A single person cannot rule a country directly. They have no time to make every single blacksmith pay his taxes, to judge about every lawsuit between a lord and his serfs.
A king would rely on his feudal retainers, who rely on their feudal retainers, and so on. Such a system could rely on the "common delusion" of legitimacy -- the nobles must believe that being the son of a king makes one fit to be king, because otherwise what qualifies them to be dukes or earls? Or it could rely on the "collective action problem" -- the first one to resist the king would die, even if the king would be deposed in the end if all nobles resist. Or a mixture of both. And of course the king would back a duke against a peasant revolt, because otherwise the whole social order might tumble.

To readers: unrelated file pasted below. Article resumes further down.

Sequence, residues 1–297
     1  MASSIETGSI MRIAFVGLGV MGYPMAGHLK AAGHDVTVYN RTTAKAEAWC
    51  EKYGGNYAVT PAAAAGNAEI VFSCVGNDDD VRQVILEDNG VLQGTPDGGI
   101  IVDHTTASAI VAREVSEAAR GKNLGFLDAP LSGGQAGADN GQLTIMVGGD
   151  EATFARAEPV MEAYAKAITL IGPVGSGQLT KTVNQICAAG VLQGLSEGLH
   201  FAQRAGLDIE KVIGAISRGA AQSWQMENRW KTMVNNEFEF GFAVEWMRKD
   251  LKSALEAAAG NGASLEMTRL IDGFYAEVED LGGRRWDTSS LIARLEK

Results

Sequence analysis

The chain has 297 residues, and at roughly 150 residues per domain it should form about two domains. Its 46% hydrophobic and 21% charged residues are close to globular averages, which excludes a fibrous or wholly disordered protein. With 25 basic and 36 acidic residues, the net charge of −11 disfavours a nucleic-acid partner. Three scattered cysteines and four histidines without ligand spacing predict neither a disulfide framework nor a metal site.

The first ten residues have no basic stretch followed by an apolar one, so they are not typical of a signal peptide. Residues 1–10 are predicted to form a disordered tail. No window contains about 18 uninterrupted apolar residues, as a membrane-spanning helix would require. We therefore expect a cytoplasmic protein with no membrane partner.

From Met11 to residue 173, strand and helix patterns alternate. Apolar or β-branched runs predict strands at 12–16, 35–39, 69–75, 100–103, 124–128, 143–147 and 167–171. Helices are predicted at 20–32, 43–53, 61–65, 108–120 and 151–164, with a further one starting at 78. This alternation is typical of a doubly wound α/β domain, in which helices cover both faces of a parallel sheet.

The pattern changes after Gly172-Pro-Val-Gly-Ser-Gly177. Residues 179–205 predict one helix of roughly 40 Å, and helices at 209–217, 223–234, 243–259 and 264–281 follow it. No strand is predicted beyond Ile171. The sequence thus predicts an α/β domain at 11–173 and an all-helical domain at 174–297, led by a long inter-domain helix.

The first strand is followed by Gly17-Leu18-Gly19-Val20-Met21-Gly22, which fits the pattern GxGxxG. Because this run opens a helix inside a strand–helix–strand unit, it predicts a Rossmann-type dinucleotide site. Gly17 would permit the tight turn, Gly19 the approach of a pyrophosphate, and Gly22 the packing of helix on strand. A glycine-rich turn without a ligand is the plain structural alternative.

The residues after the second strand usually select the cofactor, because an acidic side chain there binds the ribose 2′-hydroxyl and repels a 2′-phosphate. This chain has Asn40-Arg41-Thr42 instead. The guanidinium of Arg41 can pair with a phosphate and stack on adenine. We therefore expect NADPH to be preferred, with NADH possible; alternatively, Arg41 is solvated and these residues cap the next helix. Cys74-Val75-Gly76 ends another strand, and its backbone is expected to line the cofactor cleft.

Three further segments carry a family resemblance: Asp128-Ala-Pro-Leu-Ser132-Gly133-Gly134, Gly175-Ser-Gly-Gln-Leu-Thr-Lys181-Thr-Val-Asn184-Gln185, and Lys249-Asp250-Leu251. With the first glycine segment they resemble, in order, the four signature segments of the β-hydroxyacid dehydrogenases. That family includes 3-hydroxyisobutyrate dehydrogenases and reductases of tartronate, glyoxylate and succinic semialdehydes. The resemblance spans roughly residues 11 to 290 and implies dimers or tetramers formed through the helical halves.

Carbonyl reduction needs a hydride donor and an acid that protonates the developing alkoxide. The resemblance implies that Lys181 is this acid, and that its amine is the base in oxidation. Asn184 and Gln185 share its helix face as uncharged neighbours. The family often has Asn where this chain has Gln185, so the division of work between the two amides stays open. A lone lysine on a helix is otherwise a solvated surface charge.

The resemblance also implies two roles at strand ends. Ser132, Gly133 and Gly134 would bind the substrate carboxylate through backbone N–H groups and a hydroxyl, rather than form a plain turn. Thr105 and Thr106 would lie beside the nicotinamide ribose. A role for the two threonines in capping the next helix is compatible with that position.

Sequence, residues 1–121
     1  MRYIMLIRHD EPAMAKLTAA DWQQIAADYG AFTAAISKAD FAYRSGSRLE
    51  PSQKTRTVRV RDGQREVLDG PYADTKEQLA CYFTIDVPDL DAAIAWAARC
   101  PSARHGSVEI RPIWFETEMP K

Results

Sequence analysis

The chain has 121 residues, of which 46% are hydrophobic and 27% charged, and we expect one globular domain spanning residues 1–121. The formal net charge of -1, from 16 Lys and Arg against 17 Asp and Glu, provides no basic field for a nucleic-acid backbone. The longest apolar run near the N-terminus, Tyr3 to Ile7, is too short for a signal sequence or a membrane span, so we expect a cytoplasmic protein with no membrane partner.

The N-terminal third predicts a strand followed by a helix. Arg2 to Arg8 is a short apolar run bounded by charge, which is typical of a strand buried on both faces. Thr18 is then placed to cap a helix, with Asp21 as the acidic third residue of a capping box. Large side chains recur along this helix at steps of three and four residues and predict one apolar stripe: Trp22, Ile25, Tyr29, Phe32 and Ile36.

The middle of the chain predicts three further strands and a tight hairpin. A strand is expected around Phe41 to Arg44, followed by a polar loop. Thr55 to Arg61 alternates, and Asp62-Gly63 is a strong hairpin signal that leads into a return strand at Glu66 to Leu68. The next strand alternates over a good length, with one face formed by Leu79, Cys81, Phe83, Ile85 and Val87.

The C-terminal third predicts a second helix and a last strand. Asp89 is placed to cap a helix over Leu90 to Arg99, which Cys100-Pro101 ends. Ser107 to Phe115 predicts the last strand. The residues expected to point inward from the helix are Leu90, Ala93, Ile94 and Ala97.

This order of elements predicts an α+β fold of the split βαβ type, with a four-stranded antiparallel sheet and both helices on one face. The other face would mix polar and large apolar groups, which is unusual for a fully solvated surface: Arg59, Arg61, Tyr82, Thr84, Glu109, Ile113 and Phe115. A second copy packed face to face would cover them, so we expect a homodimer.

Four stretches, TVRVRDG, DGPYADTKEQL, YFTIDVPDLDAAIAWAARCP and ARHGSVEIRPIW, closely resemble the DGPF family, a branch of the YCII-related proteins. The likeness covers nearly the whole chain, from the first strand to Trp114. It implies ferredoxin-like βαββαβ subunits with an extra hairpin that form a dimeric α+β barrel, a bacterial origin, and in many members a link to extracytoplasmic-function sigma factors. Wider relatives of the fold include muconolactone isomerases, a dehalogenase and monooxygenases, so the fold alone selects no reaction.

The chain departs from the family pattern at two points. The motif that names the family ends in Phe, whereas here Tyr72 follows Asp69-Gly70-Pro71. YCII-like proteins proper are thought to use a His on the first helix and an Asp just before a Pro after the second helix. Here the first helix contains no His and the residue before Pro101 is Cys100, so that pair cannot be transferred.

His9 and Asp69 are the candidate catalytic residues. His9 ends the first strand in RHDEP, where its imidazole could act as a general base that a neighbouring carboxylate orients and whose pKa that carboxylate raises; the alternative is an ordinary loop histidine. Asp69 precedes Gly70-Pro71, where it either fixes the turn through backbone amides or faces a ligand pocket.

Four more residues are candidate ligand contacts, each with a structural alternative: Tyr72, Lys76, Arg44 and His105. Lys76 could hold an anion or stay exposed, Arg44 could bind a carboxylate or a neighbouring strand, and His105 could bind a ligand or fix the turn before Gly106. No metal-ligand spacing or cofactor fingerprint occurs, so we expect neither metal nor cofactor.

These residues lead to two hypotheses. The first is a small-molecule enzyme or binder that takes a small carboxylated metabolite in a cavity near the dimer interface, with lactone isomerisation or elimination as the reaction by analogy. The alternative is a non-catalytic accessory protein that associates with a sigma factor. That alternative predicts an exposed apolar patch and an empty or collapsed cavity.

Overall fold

Perhaps mages could form a similar system, with greater mages ruling kingdoms and lesser mages administering counties in their name. But the great mages would soon notice that a decent administrator or war leader makes a better subordinate. And sooner or later the son of a great mage does not become a great mage himself.
So plenty of dynasties in your setting might have started with a mage, but then they became ordinary nobles over a couple of generations.